This week, research scientists from the University of Wisconsin and Erasmus University in the Netherlands announced that they were suspending research on new, more contagious bird flu strains for at least the next 60 days. The announcement was in response to growing concerns that the genetically engineered strains already developed by these virologists could get into the hands of bioterrorists and cause an unprecedented worldwide epidemic.

With a mortality rate approaching 60%, infection with the bird flu virus ranks as one of the most damaging strains of all time. The virus seems to be particularly harmful to otherwise healthy, young people who have limited immunity to other influenza A viruses. Human-to-human spread is almost unheard of, with the vast majority of cases on record attributable to very close contact with infected poultry. Scientists announced last month that they had genetically engineered strains that were readily transmissible among humans. There is currently no vaccine for the bird flu, and only two

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medications — oseltamivir and zanamivir — have been shown to be effective in treating the infection. Symptoms include the typical constellation of fever, muscle aches, runny nose, headache, and cough. Patients who develop eye infections, pneumonia, severe respiratory diseases (such as acute respiratory distress), and other complications are at greatest risk of succumbing to the infection. Epidemiologists all over the globe are watching carefully for strains of bird flu that evolve naturally to spread more easily from person to person. For more information about influenza pandemics, see Photo by uafcde.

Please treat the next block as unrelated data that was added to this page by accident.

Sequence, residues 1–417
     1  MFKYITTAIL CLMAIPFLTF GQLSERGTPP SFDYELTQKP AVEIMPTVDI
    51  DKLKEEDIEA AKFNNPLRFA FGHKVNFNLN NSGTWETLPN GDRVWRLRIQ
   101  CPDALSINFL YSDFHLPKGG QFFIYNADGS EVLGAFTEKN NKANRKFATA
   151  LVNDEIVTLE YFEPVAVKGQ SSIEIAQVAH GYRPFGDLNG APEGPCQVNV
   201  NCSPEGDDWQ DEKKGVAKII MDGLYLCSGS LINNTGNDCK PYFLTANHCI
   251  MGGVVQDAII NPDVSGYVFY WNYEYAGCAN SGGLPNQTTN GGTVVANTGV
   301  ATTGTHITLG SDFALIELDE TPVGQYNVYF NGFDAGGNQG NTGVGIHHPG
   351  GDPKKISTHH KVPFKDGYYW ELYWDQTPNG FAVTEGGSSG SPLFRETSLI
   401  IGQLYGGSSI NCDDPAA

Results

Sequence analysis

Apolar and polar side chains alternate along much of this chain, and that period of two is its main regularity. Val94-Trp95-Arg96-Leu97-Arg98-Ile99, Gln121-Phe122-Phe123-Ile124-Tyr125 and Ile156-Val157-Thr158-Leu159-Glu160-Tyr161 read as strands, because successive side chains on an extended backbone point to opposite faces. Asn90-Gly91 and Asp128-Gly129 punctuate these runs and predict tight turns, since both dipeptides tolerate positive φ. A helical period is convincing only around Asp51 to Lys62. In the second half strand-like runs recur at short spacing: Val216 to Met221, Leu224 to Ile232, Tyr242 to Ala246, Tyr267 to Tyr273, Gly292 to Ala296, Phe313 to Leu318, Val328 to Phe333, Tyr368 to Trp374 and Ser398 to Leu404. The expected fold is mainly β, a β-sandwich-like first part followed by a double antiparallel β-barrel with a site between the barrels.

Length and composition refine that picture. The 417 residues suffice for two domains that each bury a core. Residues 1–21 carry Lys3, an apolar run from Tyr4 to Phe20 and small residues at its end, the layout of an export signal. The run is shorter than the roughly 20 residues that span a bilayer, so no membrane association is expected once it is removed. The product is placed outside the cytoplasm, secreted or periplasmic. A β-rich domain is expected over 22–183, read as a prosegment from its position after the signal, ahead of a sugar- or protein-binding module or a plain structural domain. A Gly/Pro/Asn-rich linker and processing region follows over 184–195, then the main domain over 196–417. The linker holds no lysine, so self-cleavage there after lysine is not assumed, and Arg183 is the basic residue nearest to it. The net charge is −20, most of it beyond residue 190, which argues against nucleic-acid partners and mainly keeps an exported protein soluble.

About The Author

Frank Gillingham, M.D. serves as Chief Medical Director for HTH Worldwide. Frank has led HTH Worldwide's international business development efforts in Europe and Canada and has been a guest speaker at international business conferences and has authored a series of articles on travel medicine, including pieces on travel information available on the Internet and the role of physicians working with travel insurers. Frank is a Board-Certified Internist and Emergency Medicine Specialist. He is also a private emergency physician in Southern California and a former emergency department director and member of the UCLA emergency department staff. Frank completed residency training at Los Angeles County/USC Medical Center, received his M.D. from Albert Einstein College of Medicine and his B.A. from the University of Pennsylvania .

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